Our theme for this month is resistance… and one of the things you may not know is that I resisted, rather strongly, taking the leadership of this congregation’s Social Justice Ministries. I think I knew how much doing so would change me, as a minister and as a person. I think I knew that I had a lot of book learning in social justice leadership, and almost no practical experience. I think I knew how intense learning this particular form of ministerial leadership “on the job” would be. I am still learning… and will continue to…
I want to share with you this morning three reflections, three learnings I have had over the past two and a half years, of the intersection of resistance and social justice. Our theme this month has been resistance, and our theme for the month of February will be Social Justice… and so it seemed an appropriate time. These learnings have happened in the life of this religious community, and some of you are involved. I have changed a few of the details of these lessons so as to not make it obvious who was involved, and I expect that those involved will know who they are. For all of you who have walked with me in some of these learnings, I want to say thank you.
Lesson 1… Sometimes we resist knowing something because we have to budget how much we can care about and work on at the same time.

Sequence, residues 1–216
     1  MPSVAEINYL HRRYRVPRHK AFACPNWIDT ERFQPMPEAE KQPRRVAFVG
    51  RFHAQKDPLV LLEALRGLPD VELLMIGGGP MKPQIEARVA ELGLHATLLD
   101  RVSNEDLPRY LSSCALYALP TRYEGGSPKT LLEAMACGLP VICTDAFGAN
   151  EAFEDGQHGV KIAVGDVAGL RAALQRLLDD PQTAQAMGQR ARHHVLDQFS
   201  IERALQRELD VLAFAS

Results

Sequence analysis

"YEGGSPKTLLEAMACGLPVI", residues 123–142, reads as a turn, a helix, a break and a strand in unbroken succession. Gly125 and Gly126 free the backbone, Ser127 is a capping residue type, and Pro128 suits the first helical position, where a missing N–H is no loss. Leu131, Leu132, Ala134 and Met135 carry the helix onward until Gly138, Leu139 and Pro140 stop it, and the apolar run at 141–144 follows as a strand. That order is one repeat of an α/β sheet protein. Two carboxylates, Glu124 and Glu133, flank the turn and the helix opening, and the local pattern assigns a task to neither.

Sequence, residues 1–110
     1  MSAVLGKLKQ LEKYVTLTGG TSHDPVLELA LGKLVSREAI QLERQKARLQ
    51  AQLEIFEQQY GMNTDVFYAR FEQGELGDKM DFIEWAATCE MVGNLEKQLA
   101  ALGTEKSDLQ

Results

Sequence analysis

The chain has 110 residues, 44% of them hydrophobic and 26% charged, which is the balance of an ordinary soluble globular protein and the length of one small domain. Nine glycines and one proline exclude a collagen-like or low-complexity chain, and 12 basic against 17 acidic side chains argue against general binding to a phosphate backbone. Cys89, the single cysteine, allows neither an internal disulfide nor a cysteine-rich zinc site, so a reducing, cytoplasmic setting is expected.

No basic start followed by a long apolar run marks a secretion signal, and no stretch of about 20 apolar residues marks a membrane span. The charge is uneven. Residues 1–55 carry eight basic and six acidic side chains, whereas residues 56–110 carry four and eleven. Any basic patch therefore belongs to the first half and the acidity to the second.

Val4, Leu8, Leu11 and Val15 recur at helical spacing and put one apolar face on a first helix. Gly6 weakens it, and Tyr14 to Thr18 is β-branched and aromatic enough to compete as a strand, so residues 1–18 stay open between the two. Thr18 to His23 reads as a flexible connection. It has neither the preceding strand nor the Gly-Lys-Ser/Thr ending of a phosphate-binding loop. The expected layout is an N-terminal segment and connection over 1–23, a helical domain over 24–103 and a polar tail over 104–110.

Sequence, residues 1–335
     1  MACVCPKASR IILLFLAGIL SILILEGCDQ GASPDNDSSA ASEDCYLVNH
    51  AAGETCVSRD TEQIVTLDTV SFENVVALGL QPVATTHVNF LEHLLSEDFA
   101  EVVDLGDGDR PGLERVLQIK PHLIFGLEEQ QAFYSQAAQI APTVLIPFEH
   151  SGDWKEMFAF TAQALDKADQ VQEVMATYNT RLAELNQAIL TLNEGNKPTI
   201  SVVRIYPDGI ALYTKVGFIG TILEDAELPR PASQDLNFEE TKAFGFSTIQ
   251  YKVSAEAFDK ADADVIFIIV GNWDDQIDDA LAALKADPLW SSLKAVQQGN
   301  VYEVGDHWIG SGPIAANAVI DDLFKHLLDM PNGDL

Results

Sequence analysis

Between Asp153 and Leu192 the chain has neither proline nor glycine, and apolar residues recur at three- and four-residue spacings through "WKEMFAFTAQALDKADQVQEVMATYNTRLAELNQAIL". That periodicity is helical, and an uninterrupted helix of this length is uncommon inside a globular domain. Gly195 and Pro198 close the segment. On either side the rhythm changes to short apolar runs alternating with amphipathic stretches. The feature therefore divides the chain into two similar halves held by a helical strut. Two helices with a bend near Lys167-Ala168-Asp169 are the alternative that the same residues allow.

It was about 20 months ago, not long after I took over as the Director of the Homelessness Advocacy Ministry of our church, Lift Up Your Voice. I had been here a year, but that year was mostly about surviving Rev. Jan being on Sabbatical, and making sure our Intern Minister, Kristen, survived with me. That the congregation survived the experience was a bit of a bonus… and all of you who were here through it were wonderful.
But the sabbatical was over, and so was my resisting Rev. Jan assigning the congregation’s Social Justice Ministry leadership to me… and I was doing what I always do when I need to take on some role that I am not prepared for or was not my idea…
I was doing my best to get myself excited and energized about it. Yea! Justice!
And I was learning. I was learning about what it is like for those who sleep each night in the river bottom. I was going out into the riverbottom with members of City Staff and the Ventura Police, as they were posting notices on homeless encampments, telling people they had two days to move all of their possessions somewhere else. There was a sense of “We can’t tell you where to go, but you can’t stay here” about it all, and I was shocked… not at the conditions in the riverbottom, but at how I would feel if someone came into my home and told me I had two days to pack everything I had and leave. And if I missed the notice, I would find out the day of my eviction, and have thirty minutes to pack up what I could while police officers stood around me with their hands on their weapons belts.